TB Alliance: Putting science to work for a faster TB cure

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TB Alliance Announces Four Drug Discovery Collaborations

Early-Stage Research Partnerships Aim to Stock Tuberculosis Drug Pipeline

The Global Alliance for TB Drug Development (TB Alliance), a not-for-profit product development partnership accelerating the discovery and development of new drugs to fight tuberculosis (TB), announced at the Global Health Council Conference today that four drug discovery collaboration agreements have been signed. All four projects have the potential to generate compounds active against drug-resistant tuberculosis and show promise to advance the science of TB drug development.

"These partnerships show that the TB Alliance is  aggressively increasing the depth and strength of its portfolio to ensure that promising new TB drug candidates continue moving toward the clinic," said Dr. Mel Spigelman, CEO of the TB Alliance. "Tuberculosis is responsible for the death of one person approximately every 20 seconds - and there is a significant need for novel medications to combat growing bacterial resistance to current drugs and to reduce the duration and complexity of therapy."

These recent discovery partnerships include programs with:

 

  • Anacor Pharmaceuticals, a biopharmaceutical company developing small-molecule therapeutics derived from its boron chemistry platform, to explore a novel anti-bacterial drug target for use in tuberculosis therapy. Under the agreement, Anacor will provide the TB Alliance with a non-exclusive, royalty-free worldwide license for any compounds ultimately registered for a TB indication. Compounds that attack novel targets have the potential to be effective against drug-resistant disease.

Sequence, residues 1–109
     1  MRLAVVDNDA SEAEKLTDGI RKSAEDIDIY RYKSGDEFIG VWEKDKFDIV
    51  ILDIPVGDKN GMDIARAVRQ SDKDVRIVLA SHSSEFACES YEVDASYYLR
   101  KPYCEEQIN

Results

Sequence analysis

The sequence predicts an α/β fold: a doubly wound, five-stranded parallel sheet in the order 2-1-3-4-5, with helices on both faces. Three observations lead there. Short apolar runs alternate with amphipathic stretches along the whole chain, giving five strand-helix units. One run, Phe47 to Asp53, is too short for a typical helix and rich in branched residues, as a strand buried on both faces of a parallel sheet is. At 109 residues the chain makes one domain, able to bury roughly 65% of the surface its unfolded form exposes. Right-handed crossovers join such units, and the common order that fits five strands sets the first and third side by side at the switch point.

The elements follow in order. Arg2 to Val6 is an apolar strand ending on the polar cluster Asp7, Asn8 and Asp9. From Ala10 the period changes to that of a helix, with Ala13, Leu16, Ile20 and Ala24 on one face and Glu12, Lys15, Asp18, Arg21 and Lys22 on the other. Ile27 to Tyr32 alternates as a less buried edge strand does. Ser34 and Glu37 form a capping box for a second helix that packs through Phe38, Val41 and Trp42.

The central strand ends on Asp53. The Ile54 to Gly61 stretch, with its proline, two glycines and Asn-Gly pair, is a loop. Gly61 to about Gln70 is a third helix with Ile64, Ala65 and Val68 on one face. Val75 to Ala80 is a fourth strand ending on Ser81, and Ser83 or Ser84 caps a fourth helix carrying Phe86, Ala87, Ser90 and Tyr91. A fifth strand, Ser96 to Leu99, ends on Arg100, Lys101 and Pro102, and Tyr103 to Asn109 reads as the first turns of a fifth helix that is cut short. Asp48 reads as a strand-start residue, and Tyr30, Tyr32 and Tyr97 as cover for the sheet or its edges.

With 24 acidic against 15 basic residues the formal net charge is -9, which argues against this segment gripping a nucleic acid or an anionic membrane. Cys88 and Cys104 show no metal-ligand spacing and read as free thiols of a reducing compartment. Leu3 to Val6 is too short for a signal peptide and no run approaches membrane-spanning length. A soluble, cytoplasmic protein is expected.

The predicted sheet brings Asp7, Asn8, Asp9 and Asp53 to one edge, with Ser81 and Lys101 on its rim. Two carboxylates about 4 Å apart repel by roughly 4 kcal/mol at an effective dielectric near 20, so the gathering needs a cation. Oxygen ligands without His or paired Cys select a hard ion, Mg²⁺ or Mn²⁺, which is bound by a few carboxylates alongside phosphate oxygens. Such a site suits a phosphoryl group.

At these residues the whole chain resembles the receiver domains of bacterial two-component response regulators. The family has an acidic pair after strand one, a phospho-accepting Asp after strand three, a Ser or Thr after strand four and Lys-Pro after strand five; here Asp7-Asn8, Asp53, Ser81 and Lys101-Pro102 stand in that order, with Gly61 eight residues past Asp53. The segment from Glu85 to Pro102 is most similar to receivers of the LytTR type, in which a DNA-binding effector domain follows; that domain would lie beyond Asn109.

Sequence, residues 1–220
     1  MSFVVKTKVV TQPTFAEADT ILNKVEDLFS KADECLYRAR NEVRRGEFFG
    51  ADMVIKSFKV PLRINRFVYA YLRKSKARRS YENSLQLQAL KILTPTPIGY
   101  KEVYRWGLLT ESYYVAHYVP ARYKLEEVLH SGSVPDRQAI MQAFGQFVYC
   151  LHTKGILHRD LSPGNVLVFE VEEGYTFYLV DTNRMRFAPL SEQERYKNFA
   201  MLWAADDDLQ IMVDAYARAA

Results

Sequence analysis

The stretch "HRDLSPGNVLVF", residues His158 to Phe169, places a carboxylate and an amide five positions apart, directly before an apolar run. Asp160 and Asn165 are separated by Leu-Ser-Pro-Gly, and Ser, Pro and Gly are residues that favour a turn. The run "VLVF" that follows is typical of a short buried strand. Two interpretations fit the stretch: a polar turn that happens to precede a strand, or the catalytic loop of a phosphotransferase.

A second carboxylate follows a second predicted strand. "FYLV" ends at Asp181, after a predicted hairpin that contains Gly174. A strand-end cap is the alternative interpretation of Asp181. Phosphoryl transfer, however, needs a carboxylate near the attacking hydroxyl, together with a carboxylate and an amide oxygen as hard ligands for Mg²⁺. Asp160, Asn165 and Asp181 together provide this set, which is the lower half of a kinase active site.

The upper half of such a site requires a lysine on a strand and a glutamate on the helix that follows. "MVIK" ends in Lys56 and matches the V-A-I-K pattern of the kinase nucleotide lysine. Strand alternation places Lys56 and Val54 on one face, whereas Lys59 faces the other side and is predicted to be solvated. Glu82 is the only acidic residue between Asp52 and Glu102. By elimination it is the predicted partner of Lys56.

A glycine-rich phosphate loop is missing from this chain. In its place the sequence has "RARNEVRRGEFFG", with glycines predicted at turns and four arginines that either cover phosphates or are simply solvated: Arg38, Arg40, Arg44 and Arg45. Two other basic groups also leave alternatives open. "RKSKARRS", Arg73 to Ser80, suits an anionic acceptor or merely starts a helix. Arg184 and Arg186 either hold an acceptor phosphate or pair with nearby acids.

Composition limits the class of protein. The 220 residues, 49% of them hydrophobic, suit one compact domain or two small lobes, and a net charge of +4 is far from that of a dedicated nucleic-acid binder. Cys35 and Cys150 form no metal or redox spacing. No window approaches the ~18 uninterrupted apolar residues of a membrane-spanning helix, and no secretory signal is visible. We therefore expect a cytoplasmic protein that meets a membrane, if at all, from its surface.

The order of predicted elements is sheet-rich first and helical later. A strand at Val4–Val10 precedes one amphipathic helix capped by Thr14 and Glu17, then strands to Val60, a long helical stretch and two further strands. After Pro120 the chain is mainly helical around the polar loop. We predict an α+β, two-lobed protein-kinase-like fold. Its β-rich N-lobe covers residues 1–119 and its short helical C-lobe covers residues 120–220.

• Colorado State University to test whether inhibition of menaquinone biosynthesis - a key component of the energy generation system in M. tuberculosis (M.tb) - has the potential to eradicate the disease in vivo. The compounds, first developed as cholesterol synthesis inhibitors, will be "retro-designed" via cycles of synthetic medicinal chemistry and evaluated as inhibitors of menaquinone biosynthesis and bacterial growth. The most promising compounds will be employed in an animal model of TB, and a more advanced discovery program could be developed if the studies are successful. Inhibition of menaquinone biosynthesis is a novel approach and therefore compounds that inhibit this process have the potential to be effective against drug-resistant disease.

 

  • Institute of Microbiology (IMCAS), a member institute of the Chinese Academy of Sciences, to discover and develop novel anti-TB agents from natural sources, including microbial metabolites and traditional Chinese medicines. IMCAS will test 24 natural product extracts with potential anti-tubercular activity and will collaborate to further test these extracts, purify and identify the active components, and develop those that prove most promising. The deficiency in natural product screening directly against M.tb combined with China's strong track record of successfully developing new drugs from traditional Chinese medicines, suggest that such screenings may yield novel active compounds, which would have the potential to be effective against drug-resistant disease. 

 

  • New York Medical College to explore the type 1 topoisomerase (Topo 1) enzyme that facilitates the unwinding of DNA, which is required during normal cell processes. (The type II topoisomerase DNA gyrase is already a proven target for anti-tuberculosis therapy.) The goals of the Topo I program are to determine, using genetic techniques, whether inhibiting Topo I would kill tuberculosis bacteria, as for DNA gyrase, and to develop a method to identify Topo I inhibitors. Since bacterial Topo I is a new drug target, inhibitors that kill tuberculosis bacteria have potential for use against both drug sensitive and drug-resistant tuberculosis.

 

Every year, nearly 9 million people worldwide fall ill with TB and nearly 1.8 million people died from the disease in 2007 alone. It is estimated that the bacillus that causes TB infects one-third of the world's population and the threat of drug-resistance is growing at an alarming rate. TB hits the some of the world's most vulnerable populations and devastates whole families, villages and even whole nations. New, faster-acting, simpler drug regimens are critical to defeating this ancient disease. The TB Alliance is leading this global effort, discovering and developing new compounds and acting as a catalyst to encourage information sharing and coordinated efforts among all organizations involved in finding new treatments.